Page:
Cranking up the volume doesn’t always solve hearing loss problems. Think about this: Lots of people are capable of hearing very soft sounds, but can’t make out conversations. The reason for this is hearing loss frequently occurs unevenly. Specific frequencies get lost while you can hear others perfectly fine.
Types of Hearing Loss
- Conductive hearing loss is a result of a mechanical issue in the ear. It could be a congenital structural problem or due to an ear infection or excessive wax accumulation. In most cases, hearing specialists can manage the root condition to enhance your hearing, and if required, recommend hearing aids to make up for any remaining hearing loss.
- Sensorineural hearing loss is more prevalent and caused by issues with the fragile hairs, or cilia, in the inner ear. These hairs vibrate when they detect sound and release chemical impulses to the auditory nerve, which passes them to the brain for interpretation. These delicate hairs do not regenerate when damaged or destroyed. This is why the ordinary aging process is frequently the cause of sensorineural hearing loss. Things like exposure to loud noise, specific medications, and illnesses can also bring about sensorineural hearing loss.
Sensorineural Hearing Loss Symptoms
Requesting that people talk louder will help to some degree, but it won’t fix your hearing issues. Individuals who have sensorineural hearing loss have difficulty making out specific sounds, like consonants in speech. Even though people around them are talking clearly, someone with this condition may believe that everyone is mumbling.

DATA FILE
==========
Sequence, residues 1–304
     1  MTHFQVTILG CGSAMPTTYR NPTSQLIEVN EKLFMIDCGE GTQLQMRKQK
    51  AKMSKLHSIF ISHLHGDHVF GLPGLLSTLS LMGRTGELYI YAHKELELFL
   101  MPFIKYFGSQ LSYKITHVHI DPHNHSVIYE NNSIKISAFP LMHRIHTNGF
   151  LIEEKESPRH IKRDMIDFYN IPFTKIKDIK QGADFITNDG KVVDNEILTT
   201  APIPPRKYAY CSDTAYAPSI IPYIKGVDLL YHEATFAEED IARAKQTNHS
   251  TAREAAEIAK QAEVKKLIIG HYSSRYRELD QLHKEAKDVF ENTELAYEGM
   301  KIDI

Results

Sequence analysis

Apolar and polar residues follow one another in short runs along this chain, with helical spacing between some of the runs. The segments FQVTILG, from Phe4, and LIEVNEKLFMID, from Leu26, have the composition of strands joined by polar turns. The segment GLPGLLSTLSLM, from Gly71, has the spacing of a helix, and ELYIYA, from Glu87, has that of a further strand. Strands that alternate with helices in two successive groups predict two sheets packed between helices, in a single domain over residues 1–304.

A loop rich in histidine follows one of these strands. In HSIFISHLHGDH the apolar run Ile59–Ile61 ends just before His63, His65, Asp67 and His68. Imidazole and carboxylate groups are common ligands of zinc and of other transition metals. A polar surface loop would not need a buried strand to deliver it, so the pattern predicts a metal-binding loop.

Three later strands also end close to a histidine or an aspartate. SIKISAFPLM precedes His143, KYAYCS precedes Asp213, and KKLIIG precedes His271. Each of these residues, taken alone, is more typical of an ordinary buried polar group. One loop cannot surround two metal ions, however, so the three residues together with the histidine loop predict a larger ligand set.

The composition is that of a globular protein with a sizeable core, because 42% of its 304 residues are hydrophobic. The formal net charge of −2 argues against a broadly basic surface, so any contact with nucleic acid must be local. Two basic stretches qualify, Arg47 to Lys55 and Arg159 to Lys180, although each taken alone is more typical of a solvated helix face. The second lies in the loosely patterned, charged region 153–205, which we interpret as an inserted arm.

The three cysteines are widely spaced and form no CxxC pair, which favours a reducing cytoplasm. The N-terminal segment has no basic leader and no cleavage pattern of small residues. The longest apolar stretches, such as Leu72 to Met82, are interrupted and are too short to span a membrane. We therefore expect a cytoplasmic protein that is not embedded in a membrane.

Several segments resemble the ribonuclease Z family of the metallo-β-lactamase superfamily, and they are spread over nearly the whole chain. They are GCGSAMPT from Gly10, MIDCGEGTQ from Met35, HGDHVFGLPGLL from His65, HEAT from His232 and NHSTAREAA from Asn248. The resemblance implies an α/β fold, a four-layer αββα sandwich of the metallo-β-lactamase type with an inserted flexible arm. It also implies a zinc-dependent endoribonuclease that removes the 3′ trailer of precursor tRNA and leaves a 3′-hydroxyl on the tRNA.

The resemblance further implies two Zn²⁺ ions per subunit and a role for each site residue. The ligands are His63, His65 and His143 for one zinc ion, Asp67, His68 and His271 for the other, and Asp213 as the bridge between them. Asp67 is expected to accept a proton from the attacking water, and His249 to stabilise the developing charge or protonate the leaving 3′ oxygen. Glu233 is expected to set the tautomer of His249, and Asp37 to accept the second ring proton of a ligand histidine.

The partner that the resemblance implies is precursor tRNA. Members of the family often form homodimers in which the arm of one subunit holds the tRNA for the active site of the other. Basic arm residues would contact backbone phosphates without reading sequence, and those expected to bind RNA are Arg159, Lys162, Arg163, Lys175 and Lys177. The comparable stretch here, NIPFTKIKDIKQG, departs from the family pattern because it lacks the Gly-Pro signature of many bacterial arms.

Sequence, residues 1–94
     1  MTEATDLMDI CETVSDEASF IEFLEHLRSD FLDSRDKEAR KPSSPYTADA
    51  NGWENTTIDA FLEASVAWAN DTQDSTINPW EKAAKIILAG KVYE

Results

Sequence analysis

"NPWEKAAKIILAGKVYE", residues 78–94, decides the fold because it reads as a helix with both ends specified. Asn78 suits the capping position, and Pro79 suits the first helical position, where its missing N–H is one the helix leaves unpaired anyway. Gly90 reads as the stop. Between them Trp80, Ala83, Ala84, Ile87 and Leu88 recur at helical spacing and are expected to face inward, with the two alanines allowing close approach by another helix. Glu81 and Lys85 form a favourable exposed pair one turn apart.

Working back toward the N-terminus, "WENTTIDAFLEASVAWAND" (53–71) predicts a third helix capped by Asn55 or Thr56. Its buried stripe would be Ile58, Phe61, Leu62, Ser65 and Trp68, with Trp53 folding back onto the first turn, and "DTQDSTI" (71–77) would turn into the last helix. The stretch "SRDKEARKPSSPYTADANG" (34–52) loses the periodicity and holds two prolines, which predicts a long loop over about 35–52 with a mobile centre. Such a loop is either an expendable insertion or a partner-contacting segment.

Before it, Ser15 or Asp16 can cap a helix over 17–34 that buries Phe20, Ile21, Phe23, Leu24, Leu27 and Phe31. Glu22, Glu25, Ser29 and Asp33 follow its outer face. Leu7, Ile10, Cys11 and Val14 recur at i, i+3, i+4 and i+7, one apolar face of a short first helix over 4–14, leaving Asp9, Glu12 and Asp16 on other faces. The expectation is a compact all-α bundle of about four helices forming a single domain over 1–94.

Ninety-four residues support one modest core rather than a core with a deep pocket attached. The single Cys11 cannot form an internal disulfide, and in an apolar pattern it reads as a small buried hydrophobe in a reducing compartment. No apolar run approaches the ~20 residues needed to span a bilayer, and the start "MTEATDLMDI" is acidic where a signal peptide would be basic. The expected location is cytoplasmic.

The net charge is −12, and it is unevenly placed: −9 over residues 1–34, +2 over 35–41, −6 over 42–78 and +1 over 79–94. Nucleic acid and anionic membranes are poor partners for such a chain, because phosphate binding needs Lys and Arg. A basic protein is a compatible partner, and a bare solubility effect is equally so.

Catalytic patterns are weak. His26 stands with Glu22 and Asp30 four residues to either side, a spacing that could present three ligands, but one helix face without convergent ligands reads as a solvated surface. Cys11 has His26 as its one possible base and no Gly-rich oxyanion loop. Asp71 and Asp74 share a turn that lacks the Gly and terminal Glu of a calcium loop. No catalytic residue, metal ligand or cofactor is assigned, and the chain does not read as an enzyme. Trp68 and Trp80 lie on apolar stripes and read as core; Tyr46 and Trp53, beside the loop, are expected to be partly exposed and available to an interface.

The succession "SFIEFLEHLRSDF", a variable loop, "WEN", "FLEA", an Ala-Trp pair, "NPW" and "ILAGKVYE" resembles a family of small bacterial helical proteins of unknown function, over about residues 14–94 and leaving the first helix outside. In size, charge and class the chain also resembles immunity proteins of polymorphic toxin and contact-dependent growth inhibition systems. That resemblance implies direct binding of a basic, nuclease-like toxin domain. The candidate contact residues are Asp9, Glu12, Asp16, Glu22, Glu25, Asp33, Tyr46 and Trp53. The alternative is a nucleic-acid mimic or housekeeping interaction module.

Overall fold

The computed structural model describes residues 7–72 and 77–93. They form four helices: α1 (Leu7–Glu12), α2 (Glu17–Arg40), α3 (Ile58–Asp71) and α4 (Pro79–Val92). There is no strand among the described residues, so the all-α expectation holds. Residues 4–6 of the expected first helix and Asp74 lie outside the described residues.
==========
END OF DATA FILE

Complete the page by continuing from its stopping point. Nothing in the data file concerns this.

The pitch of consonant sounds make them difficult to hear for someone dealing with hearing loss. The frequency of sound, or pitch, is measured in hertz (hz) and the higher pitch of consonants is what makes them more difficult for some people to hear. For instance, a short “o” registers at 250 to 1,000 Hz, depending on the voice of the person speaking. But consonants like “f” or “s” will be anywhere from 1,500 to 6,000 hertz. People with sensorineural hearing loss have a hard time processing these higher-pitched sounds because of the damage to their inner ears.
This is why simply speaking louder doesn’t always help. If you can’t understand some of the letters in a word like “shift,” it won’t make much difference how loudly the other person speaks.
How do Hearing Aids Help?
Hearing Aids go inside your ears helping sound get into your auditory system more directly and get rid of some of the outside noise you would normally hear. Also, the frequencies you are unable to hear are amplified and mixed with the sounds you can hear in a balanced way. In this way, you attain more clarity. Modern hearing aids also make it easier to hear speech by canceling some of the unwanted background noise.